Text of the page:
Cellular and environmental control of glycine transport in HeLa and Xenopus laevis cultured cells
MetadataShow full item record
Altmetrics Handle Statistics
1 (a) Accumulative transport systems for glycine were identified in HeLa and Xenopus laevis kidney cells. In both cell types, influx and efflux obey Michaelis- Menten kinetics and kinetic constants were calculated for both parameters. A technique of 'lysing' and refilling cells facilitated the measurement of efflux from intracellular concentrations of amino acid which were sufficiently high to cause carrier saturation. In agreement with most previous work, glycine is not involved in a system of exchange diffusion. The cells' ability to accumulate glycine is considered to be due primarily to the differences in apparent Km values for entry and exit. (b) Replacement of extracellular Na ions with K, Li, or choline ions causes an increase in the apparent Km for influx and, in the absence of extracellular Na+, cells are unable to accumulate glycine against its concentration gradient. Analysis of the Na+-dependency of influx suggests that the rate-limiting step in influx involves the binding of a single Na ion per glycine molecule. 2 The cells' ability to transport glycine was modified by varying their growth conditions. If growth medium is replaced with fresh medium, glycine influx activity decays with a half-time of about 5 hours. The transport modification is associated with a reduction in Vmax and no change in the apparent Km of influx. This suggests that, although the structure of the carrier and its affinity for glycine remains unaltered, there is a reduction in either carrier mobility or the number of functionally active carriers. Regulatory control of a labile carrier could, therefore, be investigated, 3 Glycine transport was regulated by varying the serum concentration of growth medium. In both cell types, a progressive increase in the concentration of serum results in a proportional increase in influx and accumulation of glycine. The alteration in influx is again associated with variation in Vmax rather than altered carrier structure. It is not known whether this effect is linked with the growth-regulatory action of serum but it does provide evidence for the existence of serum factor(s) concerned either directly or indirectly with amino acid transport activity. Studies using cycloheximide support the existence of a labile carrier protein and indicate that protein synthesis is necessary for the serum-dependent increase in transport to occur. 4 A more rapid modification of transport was obtained by varying the concentration of substrate in the growth medium. An increase in the concentration of similarly transported amino acids during growth proportionally suppresses glycine influx, measured under fixed experimental conditions. The influx is minimal after growth in approximately normal growth-concentration of amino acid. Glycine influx is not influenced by the prior growth concentration of leucine. Both types of experiment indicated that pool size is not a major factor in the control mechanism. It is proposed that the limiting factor to control is the rate of membrane transport of substrate.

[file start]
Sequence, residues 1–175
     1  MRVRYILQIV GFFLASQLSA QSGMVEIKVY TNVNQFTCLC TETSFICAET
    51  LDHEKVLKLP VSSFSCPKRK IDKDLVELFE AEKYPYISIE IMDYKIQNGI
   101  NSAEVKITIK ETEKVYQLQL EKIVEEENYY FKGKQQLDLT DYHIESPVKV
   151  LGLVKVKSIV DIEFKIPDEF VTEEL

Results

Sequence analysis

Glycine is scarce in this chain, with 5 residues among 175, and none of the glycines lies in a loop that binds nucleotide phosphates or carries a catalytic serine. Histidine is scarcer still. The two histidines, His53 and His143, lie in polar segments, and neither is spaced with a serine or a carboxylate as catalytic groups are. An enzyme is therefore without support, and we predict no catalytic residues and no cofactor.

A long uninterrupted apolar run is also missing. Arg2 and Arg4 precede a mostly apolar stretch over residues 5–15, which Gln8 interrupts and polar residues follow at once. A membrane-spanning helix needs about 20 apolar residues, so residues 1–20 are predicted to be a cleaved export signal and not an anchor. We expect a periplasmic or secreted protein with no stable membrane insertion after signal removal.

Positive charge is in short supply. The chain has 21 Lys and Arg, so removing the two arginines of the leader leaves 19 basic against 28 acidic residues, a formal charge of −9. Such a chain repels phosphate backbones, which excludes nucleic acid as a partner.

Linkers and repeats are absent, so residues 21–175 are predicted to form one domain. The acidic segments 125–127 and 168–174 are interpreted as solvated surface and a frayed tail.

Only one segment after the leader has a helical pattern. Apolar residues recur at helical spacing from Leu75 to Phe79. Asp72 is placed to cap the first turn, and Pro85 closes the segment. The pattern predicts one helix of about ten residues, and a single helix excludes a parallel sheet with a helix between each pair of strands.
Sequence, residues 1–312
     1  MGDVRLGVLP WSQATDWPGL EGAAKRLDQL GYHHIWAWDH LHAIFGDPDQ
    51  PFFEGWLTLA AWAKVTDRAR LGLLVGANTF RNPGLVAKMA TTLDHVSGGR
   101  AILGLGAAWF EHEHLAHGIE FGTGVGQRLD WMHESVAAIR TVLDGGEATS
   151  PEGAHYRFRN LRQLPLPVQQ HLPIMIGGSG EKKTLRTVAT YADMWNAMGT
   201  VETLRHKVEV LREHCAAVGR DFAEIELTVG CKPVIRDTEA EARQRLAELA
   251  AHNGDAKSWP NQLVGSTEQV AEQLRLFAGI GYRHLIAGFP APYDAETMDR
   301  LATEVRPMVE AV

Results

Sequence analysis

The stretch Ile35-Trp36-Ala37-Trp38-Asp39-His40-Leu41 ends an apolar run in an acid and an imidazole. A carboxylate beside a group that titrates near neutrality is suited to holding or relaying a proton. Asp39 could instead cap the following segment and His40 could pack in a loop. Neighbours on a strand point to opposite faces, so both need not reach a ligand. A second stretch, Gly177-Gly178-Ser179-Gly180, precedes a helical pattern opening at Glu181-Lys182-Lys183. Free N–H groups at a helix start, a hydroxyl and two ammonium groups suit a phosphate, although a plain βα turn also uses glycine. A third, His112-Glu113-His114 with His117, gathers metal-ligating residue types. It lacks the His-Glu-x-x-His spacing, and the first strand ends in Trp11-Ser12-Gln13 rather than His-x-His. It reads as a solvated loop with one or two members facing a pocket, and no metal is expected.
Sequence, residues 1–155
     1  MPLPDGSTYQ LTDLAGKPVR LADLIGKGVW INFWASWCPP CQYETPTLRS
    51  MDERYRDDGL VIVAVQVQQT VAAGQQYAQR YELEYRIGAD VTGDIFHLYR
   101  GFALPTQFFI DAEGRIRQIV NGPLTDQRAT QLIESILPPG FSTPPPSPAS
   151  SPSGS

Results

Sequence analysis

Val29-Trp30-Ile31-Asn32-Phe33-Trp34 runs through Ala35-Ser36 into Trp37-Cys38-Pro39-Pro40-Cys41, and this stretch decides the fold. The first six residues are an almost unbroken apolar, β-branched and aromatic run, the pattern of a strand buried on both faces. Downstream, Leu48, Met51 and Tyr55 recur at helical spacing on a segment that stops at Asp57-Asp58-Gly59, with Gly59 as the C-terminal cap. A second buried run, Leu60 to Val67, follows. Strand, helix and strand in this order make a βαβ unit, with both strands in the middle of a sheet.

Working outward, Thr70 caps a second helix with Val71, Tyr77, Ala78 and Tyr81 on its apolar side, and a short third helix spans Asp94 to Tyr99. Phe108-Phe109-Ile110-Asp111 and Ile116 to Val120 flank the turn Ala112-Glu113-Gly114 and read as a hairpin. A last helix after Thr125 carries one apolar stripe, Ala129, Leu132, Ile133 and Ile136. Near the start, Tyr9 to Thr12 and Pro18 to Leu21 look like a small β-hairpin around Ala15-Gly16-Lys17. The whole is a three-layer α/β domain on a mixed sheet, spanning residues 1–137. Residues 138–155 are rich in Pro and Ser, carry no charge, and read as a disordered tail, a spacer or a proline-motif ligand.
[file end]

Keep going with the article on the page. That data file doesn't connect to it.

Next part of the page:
Thesis, PhD Doctor of Philosophy
Items in the St Andrews Research Repository are protected by copyright, with all rights reserved, unless otherwise indicated.